I re-stumbled upon an old article from the newspaper il Sole 24Ore, which talked about the tourism low season, or better, how it was still difficult in Italy to attract tourists outside the usual period between June and July (which by itself accounted for 49% of arrivals and 61% of presence of tourists). It was October of 2012 and, at the same time, the team of the rising FindYourItaly, took its first steps, believing that one of the founding principles of the future tour operator should be “diversification”, not only of destinations, outside of mass circuits, but also of reservations besides the usual peak season.

It is true that it is still difficult to deal with a low season, however Italy has what it takes to proudly feature catwalk of the favourite destinations with its head held high of the autumn/winter season!

Even if we know that we have some among the largest and most beautiful ski areas in Europe (if not even in the world), it would be reductive to stake everything on the classic “winter holiday week”. We should think, however, about how many experiences our “Bel paese” has to offer, by focusing on promoting local products and encouraging a direct contact with nature (by following its life cycles without “stressing” our territory, to stay in a “responsible” and “sustainable” ambit).

We must consider, for example, the opportunity to attend the harvest in September, and to taste the Novello (young wine just made), and to visit in the first days of Novemberone of the many wineries spread in wine-producing areas of Veneto, Piedmont, Emilia Romagna, Lombardy, Sicily, Tuscany and Apulia…

If you want to remain within this area, between October and November, you can join the olive harvestin Salento (a destination which, according to a recent survey by Bankitalia, already in high season it is collecting favours of travelers from all over the world: in 2015, overnight stays  doubled compared to the previous, passing from 1,47 to beyond 2,5 millions).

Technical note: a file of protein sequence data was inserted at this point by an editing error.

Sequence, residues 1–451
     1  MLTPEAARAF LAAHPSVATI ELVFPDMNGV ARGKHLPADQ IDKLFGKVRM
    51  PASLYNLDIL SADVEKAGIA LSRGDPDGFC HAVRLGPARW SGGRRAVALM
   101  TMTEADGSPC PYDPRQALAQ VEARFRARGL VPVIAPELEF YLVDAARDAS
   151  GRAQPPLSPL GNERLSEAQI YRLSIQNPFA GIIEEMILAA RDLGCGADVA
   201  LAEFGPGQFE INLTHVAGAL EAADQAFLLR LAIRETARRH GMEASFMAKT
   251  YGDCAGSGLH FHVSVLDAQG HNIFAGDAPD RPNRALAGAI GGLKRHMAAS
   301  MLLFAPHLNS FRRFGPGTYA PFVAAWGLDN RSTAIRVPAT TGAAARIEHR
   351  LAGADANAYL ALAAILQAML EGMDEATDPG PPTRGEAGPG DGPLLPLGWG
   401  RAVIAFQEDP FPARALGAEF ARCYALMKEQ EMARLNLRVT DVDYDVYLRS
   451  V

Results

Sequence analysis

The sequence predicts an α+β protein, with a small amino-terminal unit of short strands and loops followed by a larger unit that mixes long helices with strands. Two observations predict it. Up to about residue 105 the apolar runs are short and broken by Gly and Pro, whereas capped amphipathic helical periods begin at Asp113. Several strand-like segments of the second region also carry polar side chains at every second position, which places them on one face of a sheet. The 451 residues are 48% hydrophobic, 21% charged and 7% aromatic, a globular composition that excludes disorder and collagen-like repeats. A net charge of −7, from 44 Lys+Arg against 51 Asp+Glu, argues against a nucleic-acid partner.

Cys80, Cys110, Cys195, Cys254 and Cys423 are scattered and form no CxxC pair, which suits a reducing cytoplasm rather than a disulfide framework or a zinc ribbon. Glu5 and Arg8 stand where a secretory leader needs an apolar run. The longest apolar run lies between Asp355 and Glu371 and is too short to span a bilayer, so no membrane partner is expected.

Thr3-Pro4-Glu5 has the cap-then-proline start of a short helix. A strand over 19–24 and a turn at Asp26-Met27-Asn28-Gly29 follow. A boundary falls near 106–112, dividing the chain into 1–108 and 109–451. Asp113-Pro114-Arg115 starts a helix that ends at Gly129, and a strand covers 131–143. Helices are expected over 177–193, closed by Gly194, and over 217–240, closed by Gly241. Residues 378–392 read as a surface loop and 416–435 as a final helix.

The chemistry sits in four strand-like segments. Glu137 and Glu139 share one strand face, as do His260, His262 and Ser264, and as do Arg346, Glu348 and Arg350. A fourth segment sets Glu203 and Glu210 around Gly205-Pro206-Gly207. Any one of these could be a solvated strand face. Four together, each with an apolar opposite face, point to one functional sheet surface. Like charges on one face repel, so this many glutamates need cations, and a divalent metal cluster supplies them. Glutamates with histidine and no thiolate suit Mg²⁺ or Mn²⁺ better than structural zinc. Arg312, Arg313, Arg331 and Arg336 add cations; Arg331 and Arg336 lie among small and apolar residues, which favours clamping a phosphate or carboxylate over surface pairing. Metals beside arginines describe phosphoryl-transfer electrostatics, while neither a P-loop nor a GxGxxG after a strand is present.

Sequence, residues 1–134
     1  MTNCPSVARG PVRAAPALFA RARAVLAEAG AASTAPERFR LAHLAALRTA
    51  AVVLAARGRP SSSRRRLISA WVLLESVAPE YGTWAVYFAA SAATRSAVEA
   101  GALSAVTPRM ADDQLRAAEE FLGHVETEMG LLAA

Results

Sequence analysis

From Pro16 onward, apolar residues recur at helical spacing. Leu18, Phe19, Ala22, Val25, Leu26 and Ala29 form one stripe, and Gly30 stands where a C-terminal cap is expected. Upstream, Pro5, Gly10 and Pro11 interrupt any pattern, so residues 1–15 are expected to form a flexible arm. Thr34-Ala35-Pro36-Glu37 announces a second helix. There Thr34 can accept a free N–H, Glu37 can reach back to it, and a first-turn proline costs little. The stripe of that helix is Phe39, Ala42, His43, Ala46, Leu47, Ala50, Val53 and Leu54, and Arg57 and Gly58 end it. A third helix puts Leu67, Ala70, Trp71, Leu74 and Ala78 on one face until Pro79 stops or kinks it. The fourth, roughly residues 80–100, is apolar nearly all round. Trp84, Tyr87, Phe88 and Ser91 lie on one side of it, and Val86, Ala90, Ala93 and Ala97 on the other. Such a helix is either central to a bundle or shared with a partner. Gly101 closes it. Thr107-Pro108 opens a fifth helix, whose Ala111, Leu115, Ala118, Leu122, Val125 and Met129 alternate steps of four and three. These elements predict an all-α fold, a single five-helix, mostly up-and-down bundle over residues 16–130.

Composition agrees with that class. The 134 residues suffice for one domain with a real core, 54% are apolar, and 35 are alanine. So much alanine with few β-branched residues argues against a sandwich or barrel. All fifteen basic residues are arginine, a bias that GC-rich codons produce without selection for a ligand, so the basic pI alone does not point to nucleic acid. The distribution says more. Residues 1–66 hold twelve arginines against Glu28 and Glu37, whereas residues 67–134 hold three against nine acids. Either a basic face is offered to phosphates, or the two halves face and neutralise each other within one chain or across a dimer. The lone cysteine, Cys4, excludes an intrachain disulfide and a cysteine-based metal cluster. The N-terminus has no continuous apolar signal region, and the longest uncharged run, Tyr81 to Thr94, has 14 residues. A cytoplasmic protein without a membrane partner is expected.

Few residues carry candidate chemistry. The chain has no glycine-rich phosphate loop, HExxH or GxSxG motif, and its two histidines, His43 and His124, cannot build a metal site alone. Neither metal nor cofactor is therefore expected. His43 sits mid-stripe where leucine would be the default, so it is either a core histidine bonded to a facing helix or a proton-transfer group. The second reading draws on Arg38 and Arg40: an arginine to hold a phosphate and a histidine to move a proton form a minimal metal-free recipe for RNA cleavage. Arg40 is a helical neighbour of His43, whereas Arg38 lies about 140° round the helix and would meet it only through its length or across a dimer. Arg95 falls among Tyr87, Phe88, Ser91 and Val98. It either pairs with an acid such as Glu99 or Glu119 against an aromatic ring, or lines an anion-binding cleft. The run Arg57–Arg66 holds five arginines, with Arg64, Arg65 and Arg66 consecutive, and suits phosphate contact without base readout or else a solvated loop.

Other typical products are a pole of attraction for many travelers during autumn and winter months, the outstanding one, and maybe the finest, is the truffle. To search for the precious tubers you must rely on an expert quarryman and on his dog, who during regulated periods and usually between December and March, will accompany you to visit natural truffle grounds of areas such as Monferrato, Langhe and Roero, Oltrepò Pavese (Oltrepò Pavese is an area of the Province of Pavia, in the north-west Italian region of Lombardy, which lies to the south of the Po river) and Sibillini Mountains.

Finally, we shouldn’t forget that, besides the international Fairs of White Truffle and of Salone del Gusto of Turin, just to mention a couple, during autumn and winter months there are many calendar high profile events that can be “exploited” to let foreign tourists know about the Italian Folklore: from Christmas market stalls of Trentino, up to the traditional Christmas cribs and Nativity scenes of Apulia and Campania traditions, where for two months the glittering light installations of Luci d’Artista make the city of Salerno sparkling.

So why not make the most out of the low season? I see only benefit: savings for the traveller due many offers, less crowd, easier traffic and transports, and a pleasant climate. And you, how do you deal with the low season?